Let your eyes look straight ahead, and your eyelids look right before you.
Not too long ago I was alerted to a new comment on one of my old blog posts.
I had to read my entry for context before responding, and found myself frowning. At the time that post was written, I had a thing for semicolons.
What started out as a harmless reply attempt turned into a critique and edit session. I whipped that thing into shape, replied, and was just about to sign out, when the link to another old post caught my attention.
Hmm. What’s this one look like?
I pulled it up and rolled my eyes, asking, “Tanara, could, you, possibly, add, one, more, comma?” The actual writing? Don’t ask.
That one ground into presentable submission, I attacked a few others. Some of them were so bad they fought back.
Though my schedule’s already packed, I convinced myself something had to be done. But before I could commence Operation Edit a Hundred Blog Posts, the following verse came to remembrance:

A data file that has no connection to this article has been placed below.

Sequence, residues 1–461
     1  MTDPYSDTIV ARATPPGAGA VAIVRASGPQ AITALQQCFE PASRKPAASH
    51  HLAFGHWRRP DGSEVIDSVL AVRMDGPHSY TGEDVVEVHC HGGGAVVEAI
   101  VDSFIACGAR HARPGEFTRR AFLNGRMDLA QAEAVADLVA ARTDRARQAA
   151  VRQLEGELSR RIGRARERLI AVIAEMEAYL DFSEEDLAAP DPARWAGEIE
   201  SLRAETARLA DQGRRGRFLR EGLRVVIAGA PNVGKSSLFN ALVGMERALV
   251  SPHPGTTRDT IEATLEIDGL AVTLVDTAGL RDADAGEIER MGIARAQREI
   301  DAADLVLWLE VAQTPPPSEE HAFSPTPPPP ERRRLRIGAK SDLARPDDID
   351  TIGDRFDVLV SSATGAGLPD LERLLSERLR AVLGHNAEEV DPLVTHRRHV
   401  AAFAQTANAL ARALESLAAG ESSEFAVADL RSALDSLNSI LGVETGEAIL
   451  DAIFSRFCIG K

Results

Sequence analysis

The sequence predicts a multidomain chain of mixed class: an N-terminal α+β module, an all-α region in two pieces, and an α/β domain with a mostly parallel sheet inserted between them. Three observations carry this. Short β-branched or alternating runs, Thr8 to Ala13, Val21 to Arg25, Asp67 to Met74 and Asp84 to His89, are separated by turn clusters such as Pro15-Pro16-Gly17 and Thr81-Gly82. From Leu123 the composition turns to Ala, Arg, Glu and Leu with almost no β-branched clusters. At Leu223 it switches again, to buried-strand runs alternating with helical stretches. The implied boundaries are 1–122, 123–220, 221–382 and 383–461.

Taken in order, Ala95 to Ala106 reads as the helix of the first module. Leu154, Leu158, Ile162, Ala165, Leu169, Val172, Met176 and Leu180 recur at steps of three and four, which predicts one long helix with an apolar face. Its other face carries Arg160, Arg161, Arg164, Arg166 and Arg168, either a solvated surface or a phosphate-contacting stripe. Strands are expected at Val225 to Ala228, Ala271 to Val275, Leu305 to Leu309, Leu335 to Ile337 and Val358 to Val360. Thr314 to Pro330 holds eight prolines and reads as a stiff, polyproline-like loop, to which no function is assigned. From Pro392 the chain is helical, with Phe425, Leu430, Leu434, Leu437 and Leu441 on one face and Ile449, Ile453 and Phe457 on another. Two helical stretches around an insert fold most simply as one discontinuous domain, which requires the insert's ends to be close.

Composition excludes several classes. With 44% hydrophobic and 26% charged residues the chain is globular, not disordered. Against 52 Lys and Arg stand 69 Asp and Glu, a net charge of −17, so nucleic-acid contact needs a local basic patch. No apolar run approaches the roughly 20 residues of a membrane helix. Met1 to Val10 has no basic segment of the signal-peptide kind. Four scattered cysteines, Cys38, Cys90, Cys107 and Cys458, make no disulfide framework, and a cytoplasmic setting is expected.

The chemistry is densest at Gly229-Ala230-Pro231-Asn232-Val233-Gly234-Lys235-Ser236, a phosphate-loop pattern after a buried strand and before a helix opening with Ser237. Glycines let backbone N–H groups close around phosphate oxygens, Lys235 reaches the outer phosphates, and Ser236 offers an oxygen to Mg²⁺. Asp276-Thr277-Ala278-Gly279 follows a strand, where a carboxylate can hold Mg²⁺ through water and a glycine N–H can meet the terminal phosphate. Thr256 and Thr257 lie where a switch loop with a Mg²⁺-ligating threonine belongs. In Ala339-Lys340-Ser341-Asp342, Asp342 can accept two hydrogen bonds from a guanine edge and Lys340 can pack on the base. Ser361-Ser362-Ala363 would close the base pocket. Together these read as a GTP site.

“Behold, I will do a new thing, shall you not know it? I will even make a road in the wilderness and rivers in the desert.”
As an unpublished novelist, it’s tempting to make sure every public word I’ve written lives up to my ever-increasing standards for writing. It may seem a worthy endeavor, but at the end of the day it’s simply a prideful attempt at perfectionism.
To learn and write new things, looking forward and not behind, is to let God guide and grow me.
He won’t make roads in the wilderness and rivers in the desert if I choose to camp there with my own little pickax and water bucket. And I can’t move forward if I keep tinkering with what’s done and over with.
Should I edit my novels? Of course. Year-old blog posts? No.
Glimpses into my writing past should result in praise for what God’s done since.
The foundations of a road have been laid, a riverbed hewn, a writer made better and growing still.
A writer determined to keep moving right along.
Your turn: When are you tempted to dwell in the past? What helps you to move forward?